Meet Our Member: The International Trans Fund

FCAA is pleased to introduce what we hope will be a robust series profiling the work of the amazing organizations we count as members. We are launching the series with a feature of one of the newer additions to our membership roster: The International Trans Fund.

We encourage you to watch or read this interview below, and visit our Membership Page to learn more about this powerful community that collectively are responsible for roughly 50% of global HIV-related philanthropy per year.

The International Trans Fund, or ITF, is the only trans led global funder that focuses on safety, dignity, and justice for trans communities across the globe. We find and fund grassroots, trans-led organizations that are working on the front lines that are leading change and engaged in movement building. Since 2017, the ITF has awarded over $6 million to 181 trans-led organizations in 93 countries, which we’re very proud of. The ITF is very much led by respected trans activists who have strong links to trans movements across the globe, and our goal is to support, sustain and amplify the work that trans leaders are already accomplishing. The support from the ITF makes it possible for trans organizations to build stability, to lead campaigns, hopefully attract more funding. ultimately, it’s about sowing the seeds of strong global trans movements. The IDF became a member of FCA because HIV and AIDS directly impact trans communities across the globe. We know that trans people are 49 times more at risk of living with HIV as compared to the general population. HIV related stigma, transphobia, and fear of violence create barriers for trans people to access HIV testing and treatment services. Trans people with intersecting identities and experiences have even higher prevalence rates and even more barriers. So, for example, HIV prevalence is up to nine times higher among trans sex workers when compared to cis sex workers. But despite this reality, we know that very little funding is actually flowing to trans communities.

In 2018, FCAA released a report that found that just 3% of HIV related philanthropy was actually supporting trans communities. And then in the follow up report three years later in 2021, that support had increased to just 4%. So, we know that the need is not being met by the resources that are available. We joined FCAA because the mission really resonates with us, and we share the goal of mobilizing resources to end the global HIV pandemic. And specifically, we really appreciate and value being part of a global network of funders who even though have very different approaches and strategies but are working their hardest to leverage funding for this work and really investing in our communities. We’re thrilled to be part of this group.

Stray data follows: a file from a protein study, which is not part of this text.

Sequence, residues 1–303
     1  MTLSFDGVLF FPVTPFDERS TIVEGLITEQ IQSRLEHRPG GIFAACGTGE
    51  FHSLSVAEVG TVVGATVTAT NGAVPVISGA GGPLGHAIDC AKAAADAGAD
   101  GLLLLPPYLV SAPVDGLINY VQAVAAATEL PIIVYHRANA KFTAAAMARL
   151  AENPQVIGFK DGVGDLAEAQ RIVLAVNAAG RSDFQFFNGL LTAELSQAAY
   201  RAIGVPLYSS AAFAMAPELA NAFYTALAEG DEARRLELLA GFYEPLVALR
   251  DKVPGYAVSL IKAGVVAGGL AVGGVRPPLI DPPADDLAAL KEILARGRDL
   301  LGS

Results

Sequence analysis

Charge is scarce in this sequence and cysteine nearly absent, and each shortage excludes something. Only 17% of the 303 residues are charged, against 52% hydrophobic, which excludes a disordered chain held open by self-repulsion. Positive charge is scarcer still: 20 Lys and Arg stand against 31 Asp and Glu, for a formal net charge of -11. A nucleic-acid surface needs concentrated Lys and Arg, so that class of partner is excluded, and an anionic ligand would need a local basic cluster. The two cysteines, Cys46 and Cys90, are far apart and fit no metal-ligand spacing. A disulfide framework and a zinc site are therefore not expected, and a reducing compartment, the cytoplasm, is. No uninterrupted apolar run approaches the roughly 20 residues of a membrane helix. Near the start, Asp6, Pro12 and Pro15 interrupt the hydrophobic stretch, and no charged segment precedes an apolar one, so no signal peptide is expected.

That’s a great question. Participatory grant making is such an exciting model. It’s all about seeding decision making power, about funding to the communities that funders are aiming to serve. It’s about shifting power and really disrupting the status quo and philanthropy, where power traditionally sits in the hands of a few in the global majority. So for us, what participatory grant making means is that it’s essential for trans activists who understand the context in different regions, to be the ones who are making the decisions about where the money goes. There’s such extraordinary leadership and vision within trans movements, and organizations are regularly coming up with really innovative solutions and approaches to the barriers that they’re facing. We believe we should really be leaning into that expertise and experience, and we should be funding those groups to do the work they know they need to do.

It’s an old adage, but it’s true: “Nothing about us without us.” I think this really aligns with HIV-related philanthropy, which has also long been rooted in an informed by the HIV community. There are already some really incredible participatory grantmakers working in this space. We’d love to do a shout out to them, which include the Red Umbrella Fund, UHAI, Third Wave Fund, and the Robet Carr Fund, who show real leadership and vision in shaping the HIV response. It’s a great group to be amongst. I think there’s a real call to action, right?

I think there’s a real call to action, right? The ITF’s work is motivated by imagining a world where all trans people are safe, free, and can live with dignity and respect. We imagine a world where we celebrate and uplift our community’s unstoppable creativity, joy, defiance, and innovation to make change. Where trans movements are resourced, resilient and robust, working intersectionally to promote trans liberation and transform inequalities. So, we invite you to join this work. Together, we can build strong global trans movements. We can build a future where gender diversity is celebrated, and where trans people have the power to live as our true, authentic selves in our communities across the globe. Please join us.